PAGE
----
by Kerry Patterson
This book gives you the tools to prepare for high-stakes conversations, transform anger and hurt feelings into powerful dialogue, and make it safe to talk about almost anything. Get unstuck with best practice skills for high-stakes interactions. The authors they began by researching the behaviors of top performers. They found that most of the time, top influencers were indistinguishable from their peers. But as soon as the stakes grew high, emotions ran strong, and opinions differed, top performers were significantly more effective. What the authors observed during this study and captured in this runaway bestseller is a distinct and learnable set of skills that produce immediate results.
Small Group Ministry
by Larry Osborne
In Sticky Church, author and pastor Larry Osborne makes the case that closing the back door of your church is even more important than opening the front door wider. He offers a time-tested strategy for doing so: sermon-based small groups that dig deeper into the weekend message and tightly Velcro members to the ministry. Beyond sermon-based small group ministry Larry Osborne will challenge churches to align current ministries to the target audience.
by Nelson Searcy
Built on Nelson Searcy’s Assimilation Seminar, Fusion offers you a step-by-step, biblically-grounded, tested and proven plan for establishing a relationship with newcomers that starts with the first seven minutes of their visit and ultimately prompts them to become fully developing members of your congregation. This innovative, practical guide is full of how-to information, testimonials from newcomers-turned- members and from participating church leaders, examples of assimilation materials and check points to make sure you stay on track. Here is help for setting newcomers on the path toward true life transformation and spiritual maturity.
by James Emery White
In this hard-hitting examination of our churches’ current evangelism methods, which often result only in transfer growth–Christians moving from one church to another–rather than in reaching the nones, James Emery White calls us to discover the mission field right outside our doors. The pastor of a megachurch that is currently experiencing 70 percent of its growth from the unchurched, White knows how to reach this growing demographic, and here he shares his ministry strategies with concerned pastors and church leaders, answering questions like: Exactly who are the unaffiliated? · What caused this seismic shift in our culture? · How can our churches reach these people?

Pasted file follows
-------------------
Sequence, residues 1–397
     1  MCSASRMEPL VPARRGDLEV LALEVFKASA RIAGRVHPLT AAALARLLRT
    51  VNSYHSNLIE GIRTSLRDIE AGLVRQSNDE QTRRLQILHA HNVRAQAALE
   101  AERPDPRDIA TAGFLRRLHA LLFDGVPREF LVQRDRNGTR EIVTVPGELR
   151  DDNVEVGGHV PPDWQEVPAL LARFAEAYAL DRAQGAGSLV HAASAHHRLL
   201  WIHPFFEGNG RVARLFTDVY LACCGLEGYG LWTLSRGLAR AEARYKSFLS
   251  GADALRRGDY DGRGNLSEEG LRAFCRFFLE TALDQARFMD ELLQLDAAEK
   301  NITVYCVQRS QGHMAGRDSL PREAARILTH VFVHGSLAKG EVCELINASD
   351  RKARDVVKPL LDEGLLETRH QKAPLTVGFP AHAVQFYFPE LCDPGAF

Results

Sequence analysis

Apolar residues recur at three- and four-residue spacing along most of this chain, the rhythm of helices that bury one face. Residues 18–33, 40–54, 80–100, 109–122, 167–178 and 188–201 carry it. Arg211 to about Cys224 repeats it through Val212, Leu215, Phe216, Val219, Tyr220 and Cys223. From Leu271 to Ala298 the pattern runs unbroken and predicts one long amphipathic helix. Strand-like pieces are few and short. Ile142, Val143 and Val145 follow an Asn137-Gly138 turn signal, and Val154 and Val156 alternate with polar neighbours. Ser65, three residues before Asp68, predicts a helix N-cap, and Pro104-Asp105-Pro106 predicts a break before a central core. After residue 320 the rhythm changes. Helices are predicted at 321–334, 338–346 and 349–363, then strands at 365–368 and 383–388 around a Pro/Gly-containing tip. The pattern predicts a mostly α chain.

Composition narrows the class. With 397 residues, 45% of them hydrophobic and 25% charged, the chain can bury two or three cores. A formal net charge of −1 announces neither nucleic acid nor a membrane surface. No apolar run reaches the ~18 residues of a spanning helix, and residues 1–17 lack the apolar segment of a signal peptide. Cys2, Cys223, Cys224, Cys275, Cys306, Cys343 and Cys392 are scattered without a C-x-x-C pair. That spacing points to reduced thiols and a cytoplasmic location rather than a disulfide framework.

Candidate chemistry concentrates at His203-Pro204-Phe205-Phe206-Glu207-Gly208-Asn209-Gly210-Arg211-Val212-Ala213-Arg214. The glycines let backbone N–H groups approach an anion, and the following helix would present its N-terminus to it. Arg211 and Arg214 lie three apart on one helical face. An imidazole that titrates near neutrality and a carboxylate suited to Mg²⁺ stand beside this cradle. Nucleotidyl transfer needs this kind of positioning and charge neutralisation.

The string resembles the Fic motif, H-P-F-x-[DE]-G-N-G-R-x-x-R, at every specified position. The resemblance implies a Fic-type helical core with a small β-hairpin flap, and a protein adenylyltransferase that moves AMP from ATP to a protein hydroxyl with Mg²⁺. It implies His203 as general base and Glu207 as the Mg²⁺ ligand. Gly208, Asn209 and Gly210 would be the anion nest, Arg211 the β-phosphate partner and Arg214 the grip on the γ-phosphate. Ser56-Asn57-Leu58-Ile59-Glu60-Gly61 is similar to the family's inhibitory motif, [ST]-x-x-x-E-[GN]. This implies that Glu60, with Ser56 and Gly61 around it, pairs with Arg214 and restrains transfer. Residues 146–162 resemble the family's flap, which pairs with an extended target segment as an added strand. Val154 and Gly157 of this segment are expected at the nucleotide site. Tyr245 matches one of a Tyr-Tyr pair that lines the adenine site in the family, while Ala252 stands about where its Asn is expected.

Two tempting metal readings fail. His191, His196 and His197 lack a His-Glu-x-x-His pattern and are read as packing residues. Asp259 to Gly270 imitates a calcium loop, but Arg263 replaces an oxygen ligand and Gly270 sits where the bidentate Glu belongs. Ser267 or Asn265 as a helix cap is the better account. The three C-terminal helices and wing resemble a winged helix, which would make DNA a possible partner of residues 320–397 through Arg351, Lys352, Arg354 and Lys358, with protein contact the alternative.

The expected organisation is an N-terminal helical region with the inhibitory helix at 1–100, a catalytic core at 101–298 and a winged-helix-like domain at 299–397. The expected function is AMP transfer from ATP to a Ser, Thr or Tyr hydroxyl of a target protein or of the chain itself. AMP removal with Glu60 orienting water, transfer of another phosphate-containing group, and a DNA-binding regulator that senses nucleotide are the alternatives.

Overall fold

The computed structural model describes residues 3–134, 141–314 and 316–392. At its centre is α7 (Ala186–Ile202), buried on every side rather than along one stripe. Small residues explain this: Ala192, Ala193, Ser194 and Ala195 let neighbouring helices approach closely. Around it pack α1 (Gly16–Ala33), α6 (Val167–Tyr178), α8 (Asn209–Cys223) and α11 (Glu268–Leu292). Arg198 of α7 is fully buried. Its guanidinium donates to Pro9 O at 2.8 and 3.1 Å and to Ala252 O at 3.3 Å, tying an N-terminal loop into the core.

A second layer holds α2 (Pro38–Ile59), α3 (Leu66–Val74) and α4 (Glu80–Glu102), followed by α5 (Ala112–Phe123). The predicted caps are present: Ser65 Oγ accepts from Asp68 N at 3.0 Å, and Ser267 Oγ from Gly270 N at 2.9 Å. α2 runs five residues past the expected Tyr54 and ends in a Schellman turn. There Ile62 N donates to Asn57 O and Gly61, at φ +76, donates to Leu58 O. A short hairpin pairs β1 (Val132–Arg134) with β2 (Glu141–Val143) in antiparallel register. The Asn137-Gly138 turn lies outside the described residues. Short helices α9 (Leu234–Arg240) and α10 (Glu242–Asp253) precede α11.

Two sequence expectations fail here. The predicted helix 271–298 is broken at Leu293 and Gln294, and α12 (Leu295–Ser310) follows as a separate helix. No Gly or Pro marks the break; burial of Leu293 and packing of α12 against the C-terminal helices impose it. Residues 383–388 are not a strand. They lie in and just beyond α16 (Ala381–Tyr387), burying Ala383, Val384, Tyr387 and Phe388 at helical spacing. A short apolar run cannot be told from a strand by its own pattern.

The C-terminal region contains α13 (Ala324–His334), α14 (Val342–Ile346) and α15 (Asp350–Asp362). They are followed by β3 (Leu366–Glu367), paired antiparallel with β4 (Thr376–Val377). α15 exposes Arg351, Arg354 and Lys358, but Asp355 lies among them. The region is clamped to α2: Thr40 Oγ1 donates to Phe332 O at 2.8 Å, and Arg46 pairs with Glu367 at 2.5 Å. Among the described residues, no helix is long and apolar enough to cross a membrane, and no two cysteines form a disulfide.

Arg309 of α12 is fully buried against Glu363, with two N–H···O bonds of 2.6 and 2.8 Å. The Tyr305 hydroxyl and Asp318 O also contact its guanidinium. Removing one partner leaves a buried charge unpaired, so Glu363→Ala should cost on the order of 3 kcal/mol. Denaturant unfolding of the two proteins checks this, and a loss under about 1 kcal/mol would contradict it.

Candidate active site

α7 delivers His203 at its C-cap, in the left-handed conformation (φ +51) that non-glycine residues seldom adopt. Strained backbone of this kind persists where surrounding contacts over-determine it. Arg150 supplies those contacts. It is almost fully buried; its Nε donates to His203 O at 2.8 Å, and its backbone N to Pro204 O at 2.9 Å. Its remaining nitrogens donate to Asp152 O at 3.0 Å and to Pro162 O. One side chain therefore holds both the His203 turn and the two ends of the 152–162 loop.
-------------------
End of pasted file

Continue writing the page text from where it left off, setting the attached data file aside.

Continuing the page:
by Rick Richardson –
Sometimes talking about Jesus with your friends can feel like trying to close a deal on a sales call, pushing something on people they may not really want. But what if you thought of it more like inviting them on a spiritual journey? Imagine being free to be yourself and free for the Spirit to work in you. Imagine that it doesn’t depend on you alone but that you can be an important part of a witnessing community. Imagine telling people stories instead of trying to download content. Here is your invitation to reimagine what evangelism could be for you.
by Jay Pathak
What if Jesus meant that we should love our actual neighbors? When Jesus was asked to sum up everything into one command, he said to love God with everything we have and to love our neighbors as ourselves. Most of us have turned this simple idea of loving our neighbors into a nice saying, putting it on bumper stickers and refrigerator magnets and then going on with our lives without actually putting it into practice.
What would happen if every follower of Jesus took the Great Commandment literally? Is it possible that the solution to our society’s biggest issues has been right under our noses for the past two thousand years?
by Tom Mercer
On the average, each of us has 8 to 15 people, whom God has supernaturally and strategically placed in our relational world so that He might use us to show them His love. The Greeks used one word to describe this personal world-oikos. This book is not about programs or events, but a new way to view the world around us. The oikos principle is one that Jesus designed, modeled and taught, for one purpose, to change the world-a world that might just be smaller than you think!
by Kevin G. Harney
Nearly all churches and ministries consider themselves dedicated to evangelism, and many explicitly include outreach in their mission statements. But few are actually bearing fruit. Kevin Harney diagnoses this problem and offers guidance for multiplying the outreach impact of churches. Organic Outreach for Churches provides direction for local congregations to weave evangelism into the fabric of the church. Commitment to the Great Commission is not simply about sending money and prayers to missions or holding occasional events to reach out (although these things are good). Organic outreach happens when evangelistic vision and action become the domain of every ministry and the commitment of every person in the congregation. This will not happen accidentally. There is huge spiritual and practical resistance to such changes. But the only way evangelism will become an organic part of a church is when every leader and each member is gripped by a commitment to proclaiming the gospel. This book is a roadmap for pastors and leaders who wish to infuse evangelistic passion into every aspect of their church’s life.